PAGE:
New York State Funeral Directors Association

In general, an individual who wishes to become a funeral director must complete a course of collegiate-level study in funeral service.

This consists of at least 60 semester credits, or 90 quarter credits in an institution approved by the New York State Department of Health or by a recognized accrediting agency.

There's a mandated course of study in two areas: mortuary arts and sciences which covers such subjects as embalming, restorative art, anatomy, chemistry, microbiology, pathology, and personal and public health biology practices; funeral service education which addresses funeral service orientation, funeral counseling, funeral directing, funeral home management, funeral home accounting and business and mortuary law.

In addition, the particular institution will also require certain electives to be completed as part of the course of study.

Following their two years of mortuary science studies, aspiring funeral directors must serve a one year residency in a funeral home before becoming fully licensed professionals.

After completing these academic requirements, a license is necessary before one can operate as a funeral director.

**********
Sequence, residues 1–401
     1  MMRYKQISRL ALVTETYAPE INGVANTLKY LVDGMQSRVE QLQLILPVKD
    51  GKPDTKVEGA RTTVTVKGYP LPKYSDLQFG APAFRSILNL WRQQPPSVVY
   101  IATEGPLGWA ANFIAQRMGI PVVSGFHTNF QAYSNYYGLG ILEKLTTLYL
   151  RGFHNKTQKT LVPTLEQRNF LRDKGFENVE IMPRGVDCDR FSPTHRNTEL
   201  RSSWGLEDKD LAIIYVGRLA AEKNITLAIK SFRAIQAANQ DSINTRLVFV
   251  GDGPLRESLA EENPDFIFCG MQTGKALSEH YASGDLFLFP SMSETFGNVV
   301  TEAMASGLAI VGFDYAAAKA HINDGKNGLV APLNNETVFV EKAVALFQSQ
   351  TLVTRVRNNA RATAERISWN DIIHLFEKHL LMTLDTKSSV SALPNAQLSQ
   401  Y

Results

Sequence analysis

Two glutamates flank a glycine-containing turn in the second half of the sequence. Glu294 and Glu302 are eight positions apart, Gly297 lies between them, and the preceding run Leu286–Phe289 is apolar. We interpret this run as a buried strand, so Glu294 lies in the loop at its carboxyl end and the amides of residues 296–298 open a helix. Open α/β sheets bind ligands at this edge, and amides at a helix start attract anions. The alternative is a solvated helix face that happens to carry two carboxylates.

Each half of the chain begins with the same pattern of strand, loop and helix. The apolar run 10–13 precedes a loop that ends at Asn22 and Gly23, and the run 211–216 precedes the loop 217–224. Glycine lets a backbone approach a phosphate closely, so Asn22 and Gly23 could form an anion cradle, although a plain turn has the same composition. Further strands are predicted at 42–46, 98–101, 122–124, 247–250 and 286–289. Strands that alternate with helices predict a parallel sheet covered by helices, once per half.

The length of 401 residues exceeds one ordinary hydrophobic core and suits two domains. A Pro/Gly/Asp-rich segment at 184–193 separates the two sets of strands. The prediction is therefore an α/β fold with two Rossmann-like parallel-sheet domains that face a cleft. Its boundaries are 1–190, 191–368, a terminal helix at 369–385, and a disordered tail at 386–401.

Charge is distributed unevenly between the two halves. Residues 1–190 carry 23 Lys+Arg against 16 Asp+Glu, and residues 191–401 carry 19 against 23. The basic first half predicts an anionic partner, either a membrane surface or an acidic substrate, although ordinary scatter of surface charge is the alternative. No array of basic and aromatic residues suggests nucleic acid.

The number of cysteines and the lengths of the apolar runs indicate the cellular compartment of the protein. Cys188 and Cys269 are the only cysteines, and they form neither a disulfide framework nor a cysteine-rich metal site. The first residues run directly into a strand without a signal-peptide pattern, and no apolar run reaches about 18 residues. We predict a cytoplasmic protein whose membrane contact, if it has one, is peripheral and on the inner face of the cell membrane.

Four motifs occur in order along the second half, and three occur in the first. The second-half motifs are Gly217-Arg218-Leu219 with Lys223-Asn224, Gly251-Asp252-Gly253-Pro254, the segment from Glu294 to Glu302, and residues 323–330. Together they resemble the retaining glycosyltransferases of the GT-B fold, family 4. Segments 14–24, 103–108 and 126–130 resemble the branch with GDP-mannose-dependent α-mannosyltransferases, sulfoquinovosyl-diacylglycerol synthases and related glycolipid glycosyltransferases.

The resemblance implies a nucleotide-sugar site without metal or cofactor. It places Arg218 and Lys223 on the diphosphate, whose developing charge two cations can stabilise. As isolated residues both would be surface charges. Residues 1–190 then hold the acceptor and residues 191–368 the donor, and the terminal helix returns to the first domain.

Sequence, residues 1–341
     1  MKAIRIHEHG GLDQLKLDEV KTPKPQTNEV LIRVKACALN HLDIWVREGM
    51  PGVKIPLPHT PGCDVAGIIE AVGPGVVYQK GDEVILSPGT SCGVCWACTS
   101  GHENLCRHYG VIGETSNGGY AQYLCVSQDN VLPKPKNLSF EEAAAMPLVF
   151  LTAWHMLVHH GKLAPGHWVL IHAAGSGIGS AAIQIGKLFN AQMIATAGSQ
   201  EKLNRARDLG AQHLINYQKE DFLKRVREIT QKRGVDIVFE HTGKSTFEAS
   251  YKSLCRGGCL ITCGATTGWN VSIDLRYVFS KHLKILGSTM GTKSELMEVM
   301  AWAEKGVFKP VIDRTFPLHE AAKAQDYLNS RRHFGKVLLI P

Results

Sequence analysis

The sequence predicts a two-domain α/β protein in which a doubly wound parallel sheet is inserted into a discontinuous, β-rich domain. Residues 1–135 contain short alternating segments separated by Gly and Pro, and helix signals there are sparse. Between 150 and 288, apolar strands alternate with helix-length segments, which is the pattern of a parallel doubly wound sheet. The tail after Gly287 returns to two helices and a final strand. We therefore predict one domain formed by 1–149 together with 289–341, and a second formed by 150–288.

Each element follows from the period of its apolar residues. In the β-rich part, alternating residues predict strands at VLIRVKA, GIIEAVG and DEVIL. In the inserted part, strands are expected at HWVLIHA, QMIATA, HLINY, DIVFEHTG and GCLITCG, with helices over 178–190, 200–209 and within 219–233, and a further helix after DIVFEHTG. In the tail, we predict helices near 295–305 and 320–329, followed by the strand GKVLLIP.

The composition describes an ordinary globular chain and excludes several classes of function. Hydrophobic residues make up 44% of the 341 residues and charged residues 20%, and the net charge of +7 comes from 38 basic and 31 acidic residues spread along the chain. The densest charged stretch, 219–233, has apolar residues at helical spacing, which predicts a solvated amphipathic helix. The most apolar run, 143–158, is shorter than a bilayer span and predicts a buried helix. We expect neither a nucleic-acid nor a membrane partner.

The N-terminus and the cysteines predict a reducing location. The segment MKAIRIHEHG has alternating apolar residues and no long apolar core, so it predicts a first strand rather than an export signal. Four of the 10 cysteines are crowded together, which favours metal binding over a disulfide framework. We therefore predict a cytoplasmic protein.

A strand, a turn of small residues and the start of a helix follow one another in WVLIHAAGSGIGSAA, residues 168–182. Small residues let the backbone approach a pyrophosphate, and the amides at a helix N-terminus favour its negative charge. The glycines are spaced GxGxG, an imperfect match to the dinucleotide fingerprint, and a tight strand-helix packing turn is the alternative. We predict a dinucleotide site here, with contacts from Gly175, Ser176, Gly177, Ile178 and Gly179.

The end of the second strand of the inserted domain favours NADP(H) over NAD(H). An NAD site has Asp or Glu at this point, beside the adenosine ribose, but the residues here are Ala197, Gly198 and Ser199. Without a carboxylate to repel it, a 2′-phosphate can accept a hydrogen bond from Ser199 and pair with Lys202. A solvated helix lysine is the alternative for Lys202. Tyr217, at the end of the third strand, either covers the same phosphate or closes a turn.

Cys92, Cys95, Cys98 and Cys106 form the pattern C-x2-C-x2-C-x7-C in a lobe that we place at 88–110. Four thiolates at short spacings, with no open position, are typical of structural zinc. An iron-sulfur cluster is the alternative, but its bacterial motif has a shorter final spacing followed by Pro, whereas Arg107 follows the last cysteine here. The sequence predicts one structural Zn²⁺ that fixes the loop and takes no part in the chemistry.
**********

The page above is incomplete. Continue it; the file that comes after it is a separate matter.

To obtain such a license, an applicant must pass a funeral directing examination prepared or approved by the New York State Department of Health to determine knowledge and fitness.

The individual must also submit satisfactory evidence of good moral character to the Health Department.

In addition to the funeral directing examination and residency, the applicant must also pass an examination on New York State laws, rules and regulations relating to funeral directing before a license can be issued.

New York State schools which offer approved funeral service courses of study are located in New York City, Canton, Troy and Garden City. A State Law proposed by the New York State Funeral Directors Association and approved in 2002, ensures that funeral directors operating in New York State complete 12 hours of continuing education (CE) instruction every two years.

The law provides for specific hours of instruction, course content, provider qualifications and penalties for non-compliance.

Up to 50% of the continuing education requirements may be met by using technology-based media such as the Internet, teleconferencing and satellite seminars.

All costs associated with implementing and administering the new program will be borne by the state's funeral directors through their licensing and registration fees.

The NYSFDA believes that the continuing education program benefits the general public by helping funeral directors maintain a high level of knowledge.

Continuing Education enables funeral directors to stay on top of the most recent health and safety procedures and ever-changing technologies needed to face ongoing and new health threats including West Nile virus, encephalitis, E. coli outbreaks, and wide-spread pandemics.

Funeral directors are also better positioned to remain current with the many State and federal health, safety and price disclosure regulations governing the profession.